Obama v. Romney on Foreign Policy - A Guide for Iowans
Posted by David Shorr
Many thanks to the Des Moines Register for publishing -- on a day Obama and Biden are in Iowa -- my latest in a series of commentaries on the 2012 foreign policy debate. You can see it on the DMReg web site, but the text is below.
BYPASSING RHETORIC IN FOREIGN POLICY DEBATE
The presidential campaign has been heating up and the foreign policy debate along with it. As the opposing camps’ arguments about national security go back and forth, Iowans should distinguish between two debates.
One is a phony argument over America’s fundamental strength as a global power and leader. It’s an unnecessary fight, part and parcel of this year’s toxic politics. Our country’s unrivaled military and economic might is beyond question, and the idea of either candidate lacking faith is just silly. Our armed forces outmatch any potential adversary by a considerable margin.
If anything, the lesson of the past decade is the difference between overcoming an opponent in a traditional conflict — also know as “kinetic” operations — and molding the social and political order in a country like Iraq or Afghanistan.
And that is the point of the second, more substantive, foreign policy debate this year. Can the United States achieve all of our international aims through brute strength alone?
Take the challenge of Iran’s nuclear program, for instance, a top item on President Barack Obama’s international agenda and a hot topic in the campaign. As much as Mitt Romney and the Republicans talk about Iran, they always leave out a crucial fact: Obama has put Iran under the toughest sanctions and strongest international pressure it has ever faced.
The Obama administration has marshaled this pressure by taking a different approach from President Bush — steadily building a broad united front with other nations, instead of just issuing demands and expecting others to fall into line.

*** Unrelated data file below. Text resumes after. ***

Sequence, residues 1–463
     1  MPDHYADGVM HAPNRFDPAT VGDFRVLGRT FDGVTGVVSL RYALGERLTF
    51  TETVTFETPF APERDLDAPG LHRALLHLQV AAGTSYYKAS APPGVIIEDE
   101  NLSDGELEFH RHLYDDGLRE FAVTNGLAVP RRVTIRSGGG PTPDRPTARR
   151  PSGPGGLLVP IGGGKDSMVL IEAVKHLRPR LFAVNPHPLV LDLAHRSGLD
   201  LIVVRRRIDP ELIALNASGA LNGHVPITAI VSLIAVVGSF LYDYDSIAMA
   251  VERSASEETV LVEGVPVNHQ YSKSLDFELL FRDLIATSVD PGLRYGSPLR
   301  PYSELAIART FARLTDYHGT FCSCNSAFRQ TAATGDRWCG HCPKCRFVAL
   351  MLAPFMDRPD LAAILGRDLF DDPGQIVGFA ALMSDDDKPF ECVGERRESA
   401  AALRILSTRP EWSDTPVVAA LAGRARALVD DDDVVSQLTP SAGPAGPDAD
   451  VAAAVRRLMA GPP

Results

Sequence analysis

Obviously the problem of guaranteeing Iran is kept from building a nuclear weapon remains unresolved. The point is that Obama’s attempts at negotiation, tests of Iran’s good faith, continued pressure and international coalition-building give the best chance to reach a peaceful solution and avoid war. Romney and U.S. Rep. Paul Ryan love to talk about tough choices, yet on Iran they refuse to choose between supporting going to war or specifying what they would do differently from Obama.
I often quote a favorite line from Council on Foreign Relations President Richard Haass (a Republican, by the way) that captures the essential challenge to America as a global power: “The United States does not need the world’s permission to act, but it does need the world’s support to succeed.” Because of our military and economic power, America has unique leverage — and responsibility — that is, indeed, essential to our foreign policy.
As we saw during the George W. Bush years, however, when America is too heavy-handed in using that power, it can stir up a lot of hostility around the world. By the end of the Bush term, we had drawn the lesson that in today’s interconnected world: America cannot afford to have the world regard us with suspicion.
Most Americans understand that our credibility had to be restored after we invaded Iraq in search of weapons of mass destruction that didn’t exist. For so many of the biggest challenges we face — fostering economic recovery from the 2008 global meltdown, averting severe disruption from climate change, stopping the spread of nuclear weapons and preventing terrorist attacks — success hinges on recruiting the help of others. On all those fronts, Obama has sought international support and obtained it.
It’s not clear what lessons Romney drew from the Bush years — or whether he learned anything at all, for that matter. Listening to the Republicans’ rhetoric this year, we hear a lot more tough talk than tough choices. A lot more platitudes about American leadership than practical proposals for how to exercise it.
To put it another way, the issue this November is not whether the United States will be a global leader, but whether it will be an effective leader. As the saying goes, a leader without followers is just someone who’s gone out for a walk.